- Pura desa
- A type of pura dedicated to the worship of Brahma the Gods and deities, that are located within villages or cities, serving as the center of Balinese people's religious activities.
- Pura puseh
- A type of pura dedicated to the worship of Vishnu.
- Pura dalem
- A type of pura dedicated to the worship of Shiva, Durga, Mother nature, Banaspatiraja (barong), Sang Bhuta Diyu, Sang Bhuta Garwa, and other deities, Usually Shiva's shakti, Durga, is venerated in this temple. In human life cycle, the temple is connected to rituals concerning death. It is also common for a pura dalem to have a big tree like a banyan tree or a kepuh which is usually also used as a shrine. The Pura Dalem is typically located next to the graveyard of the deceased prior to ngaben (cremation) ceremony.
- Pura mrajapati
- A type of pura to worship prajapati (the lord of people) or the cosmic might. Most often, in this temple Shiva is worshipped in his form as prajapati.
- Pura segara
- "Sea temples", a pura that are located by the sea to appease the sea Gods and deities. It is usually important during the Melasti ritual. One example of this type of temple is Pura Tanah Lot and Pura Uluwatu.
Sad Kahyangan edit
The Sad Kahyangan, Sad Kahyangan Jagad or the "six sanctuaries of the world" are the six holiest places of worship on Bali. According to Balinese beliefs, they are the pivotal points of the island, and are meant to provide spiritual balance to Bali. The number of these most sacred sanctuaries always adds up six, but depending on the region, the specific temples that are listed may vary. A list of the Sad Kahyangan may include:
Dang Kahyangan edit
Based on the ejection of Dwijendra Tattwa, which in this study was determined as Dang Hyang Nirartha's history, which in Balinese society is commonly called the History of Gede, mentioned Pura Parama Dharma, which is to pretend that Dang Kahyangan was built by Dang Hyang Nirartha or was awakened by the community to respecting and remembering Dharmayatra (religious holy journey) Dang Hyang Nirartha mentioned a number of 34 temples, some of them:
Sea Temples edit
Bali has a number of important "sea temples" (Balinese: pura segara), which were founded in the 16th century by a Majapahit Brahmin from Java, named Nirartha, to honour the gods of the sea. Each of the temples is traditionally said to be visible from the next, forming a 'chain' around the coast of Bali. Many of the most important sea temples are located along the south-west coast of the island. The temples' positions were meant to provide a chain of spiritual protection for the Bali island.
Listed counterclockwise from Nirartha's legendary point of arrival in Bali, some of the most prominent Balinese sea temples include:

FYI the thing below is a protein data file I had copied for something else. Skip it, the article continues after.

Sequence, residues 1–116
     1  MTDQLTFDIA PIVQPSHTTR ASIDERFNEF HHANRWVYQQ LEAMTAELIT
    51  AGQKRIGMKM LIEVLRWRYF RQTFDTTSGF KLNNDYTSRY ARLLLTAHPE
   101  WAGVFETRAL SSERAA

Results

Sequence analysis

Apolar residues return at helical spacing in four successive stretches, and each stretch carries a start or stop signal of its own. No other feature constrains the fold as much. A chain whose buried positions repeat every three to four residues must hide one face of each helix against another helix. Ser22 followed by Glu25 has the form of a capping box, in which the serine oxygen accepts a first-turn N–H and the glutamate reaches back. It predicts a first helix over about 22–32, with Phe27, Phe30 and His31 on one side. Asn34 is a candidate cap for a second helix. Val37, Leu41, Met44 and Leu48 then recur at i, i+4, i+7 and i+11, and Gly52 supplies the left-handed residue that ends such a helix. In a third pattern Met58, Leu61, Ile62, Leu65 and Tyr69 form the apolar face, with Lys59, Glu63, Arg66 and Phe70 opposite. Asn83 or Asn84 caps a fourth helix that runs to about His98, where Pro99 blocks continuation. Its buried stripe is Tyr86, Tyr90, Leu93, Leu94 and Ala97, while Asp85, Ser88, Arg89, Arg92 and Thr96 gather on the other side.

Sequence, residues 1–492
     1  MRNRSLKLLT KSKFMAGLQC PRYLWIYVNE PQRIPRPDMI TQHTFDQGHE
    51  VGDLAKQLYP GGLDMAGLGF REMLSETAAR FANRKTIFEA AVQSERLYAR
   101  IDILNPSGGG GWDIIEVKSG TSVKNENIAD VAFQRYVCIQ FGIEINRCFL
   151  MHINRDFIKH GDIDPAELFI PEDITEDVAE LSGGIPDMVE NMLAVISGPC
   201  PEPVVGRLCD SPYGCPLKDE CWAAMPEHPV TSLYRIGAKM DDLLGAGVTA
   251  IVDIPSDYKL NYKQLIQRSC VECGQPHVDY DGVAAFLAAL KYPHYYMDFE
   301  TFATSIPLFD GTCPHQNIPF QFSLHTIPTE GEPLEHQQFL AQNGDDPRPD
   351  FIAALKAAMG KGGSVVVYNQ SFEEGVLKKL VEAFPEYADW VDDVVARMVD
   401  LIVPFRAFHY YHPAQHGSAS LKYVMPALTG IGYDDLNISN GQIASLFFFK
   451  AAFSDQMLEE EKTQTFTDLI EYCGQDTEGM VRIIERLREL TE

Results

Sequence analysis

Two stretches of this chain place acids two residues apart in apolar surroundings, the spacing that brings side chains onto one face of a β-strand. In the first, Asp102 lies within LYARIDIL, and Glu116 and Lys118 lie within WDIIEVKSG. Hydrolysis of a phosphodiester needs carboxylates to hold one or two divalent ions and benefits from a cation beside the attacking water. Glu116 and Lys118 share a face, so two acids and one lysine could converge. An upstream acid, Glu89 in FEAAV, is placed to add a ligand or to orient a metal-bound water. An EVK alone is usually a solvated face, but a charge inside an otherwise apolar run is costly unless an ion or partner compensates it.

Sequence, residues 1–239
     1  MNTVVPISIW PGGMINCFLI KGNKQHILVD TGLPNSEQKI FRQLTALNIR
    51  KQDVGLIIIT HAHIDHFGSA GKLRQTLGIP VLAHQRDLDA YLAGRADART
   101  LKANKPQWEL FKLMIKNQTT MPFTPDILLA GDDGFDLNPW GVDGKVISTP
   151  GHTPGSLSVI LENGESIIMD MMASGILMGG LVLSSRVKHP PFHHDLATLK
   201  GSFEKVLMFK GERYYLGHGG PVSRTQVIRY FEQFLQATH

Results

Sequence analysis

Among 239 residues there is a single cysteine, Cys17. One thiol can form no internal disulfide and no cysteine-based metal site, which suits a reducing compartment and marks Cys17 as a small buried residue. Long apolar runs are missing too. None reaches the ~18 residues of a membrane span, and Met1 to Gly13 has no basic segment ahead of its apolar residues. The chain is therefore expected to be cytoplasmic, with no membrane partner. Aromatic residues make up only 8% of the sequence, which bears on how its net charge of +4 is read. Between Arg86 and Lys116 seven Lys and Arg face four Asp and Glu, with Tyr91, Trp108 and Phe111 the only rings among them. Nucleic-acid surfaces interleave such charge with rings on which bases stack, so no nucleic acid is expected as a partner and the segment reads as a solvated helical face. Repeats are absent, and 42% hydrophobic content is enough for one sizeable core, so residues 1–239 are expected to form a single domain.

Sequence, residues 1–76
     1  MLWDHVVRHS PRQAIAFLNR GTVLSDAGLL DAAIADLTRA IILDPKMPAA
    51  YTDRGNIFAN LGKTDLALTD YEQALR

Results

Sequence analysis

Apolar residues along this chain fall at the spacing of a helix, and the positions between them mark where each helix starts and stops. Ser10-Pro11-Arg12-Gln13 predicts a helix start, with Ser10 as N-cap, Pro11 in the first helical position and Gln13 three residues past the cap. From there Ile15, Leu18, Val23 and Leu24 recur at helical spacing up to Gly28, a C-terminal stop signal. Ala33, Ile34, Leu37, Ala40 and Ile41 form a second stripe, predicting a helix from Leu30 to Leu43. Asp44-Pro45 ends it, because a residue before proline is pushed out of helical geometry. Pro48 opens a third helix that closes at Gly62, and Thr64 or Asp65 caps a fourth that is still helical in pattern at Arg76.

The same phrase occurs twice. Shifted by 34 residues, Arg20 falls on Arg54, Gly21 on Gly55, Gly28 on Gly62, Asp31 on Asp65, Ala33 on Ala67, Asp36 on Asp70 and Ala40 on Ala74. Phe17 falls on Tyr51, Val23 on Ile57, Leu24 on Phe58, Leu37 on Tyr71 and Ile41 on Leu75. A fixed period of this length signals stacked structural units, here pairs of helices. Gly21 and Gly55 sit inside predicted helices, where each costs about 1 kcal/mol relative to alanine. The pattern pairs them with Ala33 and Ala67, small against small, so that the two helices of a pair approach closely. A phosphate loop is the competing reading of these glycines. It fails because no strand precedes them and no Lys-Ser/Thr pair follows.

- Pura Pulaki near Pemuteran, northeast of Gilimanuk ().
- Pura Gede Perancak, to the south of Negara ().
- Pura Rambut Siwi, to the east of Negara ()
At this site Nirartha is said[by whom?] to have made a gift of a lock of his hair, which was worshipped. Rambut Siwi translates as 'worship of the hair' and the tale is reminiscent of the Buddhist story of Gautama giving eight hairs to Tapussa and Bhallika, which are now enshrined at Shwedagon.
- Pura Tanah Lot, west of Canggu and south of Tabanan city where two puras were built on a coastal rock overlooking the Indian Ocean as the shrine to honor sea deities. ().
- Pura Luhur Uluwatu, at the southwestern extremity of the Bukit Peninsula (). This is the only Balinese sea temple that is also one of the six Balinese directional temples.
- Pura Mas Suka, at the southern tip of the Bukit Peninsula, near Greenbowl Beach ().
- Pura Sakenan on Serangan island, an island between Tanjung Benoa and Sanur ().
See also edit
- "Temples in Bali". Bali Directory. Archived from the original on 2010-05-11. Retrieved 2010-07-21.
- "Mount Agung and Pura Besakih". Sacred Destinations. Archived from the original on 11 July 2010. Retrieved 2010-07-20.
- "Traditional Balinese Architecture". School of Architecture, Faculty of Engineering, Udayana University. Retrieved 2010-07-20.
- "Bali:The Land of Temples". Indo.com. Retrieved 2010-07-20.
- "Babad Bali - Pura Kahyangan Jagat". www.babadbali.com (in Indonesian). Retrieved 2018-05-20.
- "Sacred Sites of Bali". Sacred Sites. Archived from the original on 21 July 2010. Retrieved 2010-07-20.
- Balinese temples
- Nopen Sugiarta (16 April 2016). "Sad Kahyangan Jagat di Pulau Dewata" (in Indonesian). Retrieved 30 June 2019.
- "Pura-Pura Dang Kayangan Warisan Dang Hyang Dwijendra" (in Indonesian). Dharmopadesa. Archived from the original on 30 June 2019. Retrieved 30 June 2019.
- "Important Balinese temples | Bali Blog". Archived from the original on 2015-01-21. Retrieved 2015-01-21.
- "Bali Hotel Villa Blog Culture Travel Guide Indonesia – BALIwww.COM » Pura Rambut Siwi". Archived from the original on 2013-09-07. Retrieved 2015-01-21.
- Sudharta, Tjok. Rai. Beda Sadkahyangan dengan Sadwinayaka, Kolom Tatwa. Majalah Sarad Bali, Ed. No. 69/Tahun VII, Januari 2006.